After he died, Granny ran the house with her meagre pension of forty or fifty rupees and the sale of fruit from the small mango and litchi orchard at the back of the house. She also received a regular rent from a tenant, Miss Kellner, an elderly disabled lady who would become one of my early friends some three years later.
Granny lived alone, with a black pariah dog called Crazy, but her married daughters and a happily vagrant son (Uncle Ken) would come to stay in the house now and then. She wasn’t a typical granny; I made her more homely in my stories. She was heavyset, heavy-jowled, and a stern woman, not given to expressing emotion. She preferred her own company; in the evenings, even if there were others in the house, she sat by herself playing patience, a card game which does not require another player.
She didn’t seem to like small boys—or it was small boys with buck teeth that she did not like. “Little boys should speak only when spoken to”, was one of her maxims, and I was discouraged from joining in the conversation at the dining table. I was also discouraged from taking ‘second helpings’ of any dish, with the result that I made sure my first helping was large enough.
Her disapproval did not extend to my cousins, whom she always praised in my presence, and I think her discomfort with me may have been due to the fact that she was not sure if I was legitimate or not. Being of strict Victorian and evangelical upbringing, she would have been horrified at the thought of harbouring a bastard child in her home. My parents’ marriage had been sudden and unexpected. Why had my mother married an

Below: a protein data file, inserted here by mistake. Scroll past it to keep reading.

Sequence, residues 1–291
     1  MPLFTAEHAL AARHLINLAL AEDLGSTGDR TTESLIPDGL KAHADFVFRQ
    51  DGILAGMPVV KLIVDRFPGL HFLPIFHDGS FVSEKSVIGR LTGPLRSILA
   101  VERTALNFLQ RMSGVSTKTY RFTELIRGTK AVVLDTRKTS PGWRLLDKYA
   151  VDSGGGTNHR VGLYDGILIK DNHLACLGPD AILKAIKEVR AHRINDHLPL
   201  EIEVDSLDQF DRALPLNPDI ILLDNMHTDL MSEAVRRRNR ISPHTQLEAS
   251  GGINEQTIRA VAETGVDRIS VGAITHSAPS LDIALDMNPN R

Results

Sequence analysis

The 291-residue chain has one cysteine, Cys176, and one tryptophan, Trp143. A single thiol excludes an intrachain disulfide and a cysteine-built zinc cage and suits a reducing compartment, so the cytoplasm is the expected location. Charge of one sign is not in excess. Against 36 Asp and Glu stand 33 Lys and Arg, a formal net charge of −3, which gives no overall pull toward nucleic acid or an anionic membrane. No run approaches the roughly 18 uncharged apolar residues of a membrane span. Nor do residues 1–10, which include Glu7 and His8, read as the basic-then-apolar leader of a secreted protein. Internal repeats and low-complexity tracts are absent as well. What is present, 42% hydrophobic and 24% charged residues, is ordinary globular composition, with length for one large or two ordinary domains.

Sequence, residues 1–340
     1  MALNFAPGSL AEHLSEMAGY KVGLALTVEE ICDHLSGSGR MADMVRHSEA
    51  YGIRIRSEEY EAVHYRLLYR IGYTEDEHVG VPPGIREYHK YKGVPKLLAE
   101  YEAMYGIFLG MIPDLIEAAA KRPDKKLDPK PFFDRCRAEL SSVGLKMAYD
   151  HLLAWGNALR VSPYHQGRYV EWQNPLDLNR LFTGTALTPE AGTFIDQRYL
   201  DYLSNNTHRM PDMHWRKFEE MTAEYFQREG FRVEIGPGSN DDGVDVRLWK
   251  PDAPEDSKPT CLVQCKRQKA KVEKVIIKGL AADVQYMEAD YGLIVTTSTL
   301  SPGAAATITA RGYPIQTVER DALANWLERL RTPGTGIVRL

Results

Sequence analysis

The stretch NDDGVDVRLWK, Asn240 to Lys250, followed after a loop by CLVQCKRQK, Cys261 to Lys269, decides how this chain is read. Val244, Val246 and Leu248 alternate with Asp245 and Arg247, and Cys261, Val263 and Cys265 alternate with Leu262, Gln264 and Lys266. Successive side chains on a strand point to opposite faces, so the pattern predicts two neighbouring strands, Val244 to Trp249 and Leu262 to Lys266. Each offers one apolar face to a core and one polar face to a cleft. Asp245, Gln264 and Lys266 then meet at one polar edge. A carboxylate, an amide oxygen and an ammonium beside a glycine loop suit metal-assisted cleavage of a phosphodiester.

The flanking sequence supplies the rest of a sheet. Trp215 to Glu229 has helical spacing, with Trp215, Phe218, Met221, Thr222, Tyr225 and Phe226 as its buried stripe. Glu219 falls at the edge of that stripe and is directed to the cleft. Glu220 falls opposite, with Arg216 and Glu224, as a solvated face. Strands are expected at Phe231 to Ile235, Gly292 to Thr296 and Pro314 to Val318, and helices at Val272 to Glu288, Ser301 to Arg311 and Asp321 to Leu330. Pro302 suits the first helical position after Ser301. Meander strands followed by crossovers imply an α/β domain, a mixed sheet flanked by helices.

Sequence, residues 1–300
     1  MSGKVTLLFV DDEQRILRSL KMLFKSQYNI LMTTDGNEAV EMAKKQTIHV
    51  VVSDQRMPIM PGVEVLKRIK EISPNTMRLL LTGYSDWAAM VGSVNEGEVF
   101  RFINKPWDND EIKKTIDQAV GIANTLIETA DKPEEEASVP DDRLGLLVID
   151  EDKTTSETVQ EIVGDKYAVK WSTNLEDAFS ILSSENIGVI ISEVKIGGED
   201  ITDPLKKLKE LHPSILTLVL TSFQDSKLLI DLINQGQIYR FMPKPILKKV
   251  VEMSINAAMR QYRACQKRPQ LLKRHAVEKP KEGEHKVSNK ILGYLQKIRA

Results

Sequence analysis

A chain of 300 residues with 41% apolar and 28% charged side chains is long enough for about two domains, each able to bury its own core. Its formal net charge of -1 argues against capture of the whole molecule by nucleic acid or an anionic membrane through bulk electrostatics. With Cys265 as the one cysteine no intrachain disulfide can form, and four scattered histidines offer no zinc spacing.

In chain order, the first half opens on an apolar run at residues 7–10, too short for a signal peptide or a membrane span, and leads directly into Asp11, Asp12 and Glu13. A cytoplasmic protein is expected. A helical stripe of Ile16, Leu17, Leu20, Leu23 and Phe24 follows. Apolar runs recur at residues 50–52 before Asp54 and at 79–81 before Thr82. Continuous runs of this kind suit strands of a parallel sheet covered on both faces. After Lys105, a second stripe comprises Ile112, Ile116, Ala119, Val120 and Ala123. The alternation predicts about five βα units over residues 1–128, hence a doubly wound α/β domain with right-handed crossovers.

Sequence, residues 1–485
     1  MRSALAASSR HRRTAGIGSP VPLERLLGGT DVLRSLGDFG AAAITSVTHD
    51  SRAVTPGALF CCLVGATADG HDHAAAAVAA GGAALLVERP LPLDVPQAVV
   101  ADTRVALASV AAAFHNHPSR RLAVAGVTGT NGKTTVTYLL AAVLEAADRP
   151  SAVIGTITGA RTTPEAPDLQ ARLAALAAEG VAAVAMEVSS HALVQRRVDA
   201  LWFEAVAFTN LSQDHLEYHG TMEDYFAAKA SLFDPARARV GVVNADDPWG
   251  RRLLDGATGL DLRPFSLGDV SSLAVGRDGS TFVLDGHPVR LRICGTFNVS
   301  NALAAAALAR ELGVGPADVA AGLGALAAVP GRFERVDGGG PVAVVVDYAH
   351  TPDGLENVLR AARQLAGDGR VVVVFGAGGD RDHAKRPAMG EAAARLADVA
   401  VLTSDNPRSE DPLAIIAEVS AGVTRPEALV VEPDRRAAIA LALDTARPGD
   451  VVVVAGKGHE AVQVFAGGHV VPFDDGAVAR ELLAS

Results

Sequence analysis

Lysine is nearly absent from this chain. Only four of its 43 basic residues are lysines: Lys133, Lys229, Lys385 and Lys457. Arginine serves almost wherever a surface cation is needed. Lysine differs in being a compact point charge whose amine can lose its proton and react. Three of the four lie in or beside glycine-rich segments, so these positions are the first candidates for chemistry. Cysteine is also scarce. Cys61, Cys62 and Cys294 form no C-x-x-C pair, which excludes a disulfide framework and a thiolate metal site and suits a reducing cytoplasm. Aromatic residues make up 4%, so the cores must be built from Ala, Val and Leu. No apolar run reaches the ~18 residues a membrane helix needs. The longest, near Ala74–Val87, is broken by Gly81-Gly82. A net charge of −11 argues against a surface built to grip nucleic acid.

older man? And why had they gone to Kasauli for my arrival? I did not understand any of this at the time, and I felt a little bewildered and resentful. I suppose she did love me, to the extent that she could love anyone and show it, but I was used to being the centre of attention, and now I was expected to make myself invisible. Sometimes I looked around for my mother, wanting to ask her if we could live somewhere else, but I rarely found her in the house. She was always going away somewhere, returning late at night.
(From Lone Fox Dancing—My Autobiography by Ruskin Bond, excerpted with permission from Speaking Tiger)